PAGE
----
The information is then grouped to be sent to the criminal’s email via the SMTP protocol. Before executing this step, it checks if the computer is connected to the internet. One of the few files created on the system is named halloee.txt. The file contains the results of the speedtest.net page. If the response data is valid, the exfiltration process continues.
Figure 6: Troystealer monitoring internet connection.
If a valid internet connection is obtained, the exfiltrated information is received on the criminal’s side. Figure 7 shows part of the source code responsible for carrying out this process.
Figure 7: Snippet of code of Troystealer responsible for sending the exfiltrated information via email (source: Segurança-Informática).
Troystealer similarities with leaked code in 2018
Although this piece of malware is recent, it appears to have evolved from a stealer whose source code leaked onto Pastebin at the end of 2018. Figure 8 presents part of the leaked source code and similarities with the Troystealer code after reversing it.
Figure 8: Leaked source code on Pastebin and used in Troystealer.
As you can see, the target applications are part of the list described above, and the part related to the internet connection is the same found in the Troystealer reversed code. This is a strong indicator that a great part of the code was maintained by malware operators.
The string “SiriT” — part of the Pastebin username — was the key to collect more information about this threat. This includes messages available on a specific internet forum with details about the target applications used during the malware exfiltration process (see Figure 9).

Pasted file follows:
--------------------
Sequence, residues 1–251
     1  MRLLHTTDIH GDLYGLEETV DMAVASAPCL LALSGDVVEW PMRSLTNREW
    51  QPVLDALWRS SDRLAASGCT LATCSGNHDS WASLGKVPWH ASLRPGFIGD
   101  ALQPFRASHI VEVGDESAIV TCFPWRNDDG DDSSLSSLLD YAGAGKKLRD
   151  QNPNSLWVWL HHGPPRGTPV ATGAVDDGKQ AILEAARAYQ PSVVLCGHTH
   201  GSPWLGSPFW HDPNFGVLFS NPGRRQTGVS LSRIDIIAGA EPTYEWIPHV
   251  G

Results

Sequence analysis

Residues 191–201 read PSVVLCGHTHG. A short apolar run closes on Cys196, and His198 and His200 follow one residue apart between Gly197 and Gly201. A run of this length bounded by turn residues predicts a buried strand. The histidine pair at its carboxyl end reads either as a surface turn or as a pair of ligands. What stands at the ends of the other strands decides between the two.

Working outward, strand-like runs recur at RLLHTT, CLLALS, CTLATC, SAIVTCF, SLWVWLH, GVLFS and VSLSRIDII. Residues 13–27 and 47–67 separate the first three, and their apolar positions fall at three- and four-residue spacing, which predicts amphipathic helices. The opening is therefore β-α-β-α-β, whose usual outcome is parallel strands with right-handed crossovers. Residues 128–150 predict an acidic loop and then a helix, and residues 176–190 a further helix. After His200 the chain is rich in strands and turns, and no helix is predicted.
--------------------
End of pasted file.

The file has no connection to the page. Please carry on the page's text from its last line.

Figure 9: Information about the Troystealer threat actor and hardcoded applications.
The prevention against this kind of threat should be based on strong cyber-awareness and internet best practices in general, and especially your email inbox. Many malwares are still delivered by social engineering scenarios, such as email phishing campaigns and smishing. Below, we recommend some measures to prevent malware from infecting your computer and your livelihood.
- Install an antivirus or other anti-malware solution to keep your computer away from malware
- Keep your system up to date and install OS and software updates regularly
- Think before you click on any link shared via email, chat and other applications. The same goes for files attached in an email or similar channels
- Back up your files online and offline in order to prevent data corruption during a cyber-incident, such as ransomware attacks
- Use multiple and strong passwords and multi-factor authentication. Never use the same password on multiple accounts from different services/applications. After collecting credentials, threat actors will try to access different target services online with your secrets
And last but not least: be proactive and start taking malware protection seriously!
The article was initially published by Pedro Tavares on resources.infosecinstitute.com.
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Pedro Tavares is a professional in the field of information security working as an Ethical Hacker/Pentester, Malware Researcher and also a Security Evangelist. He is also a founding member at CSIRT.UBI and Editor-in-Chief of the security computer blog seguranca-informatica.pt.
In recent years he has invested in the field of information security, exploring and analyzing a wide range of topics, such as pentesting (Kali Linux), malware, exploitation, hacking, IoT and security in Active Directory networks. He is also Freelance Writer (Infosec. Resources Institute and Cyber Defense Magazine) and developer of the 0xSI_f33d – a feed that compiles phishing and malware campaigns targeting Portuguese citizens.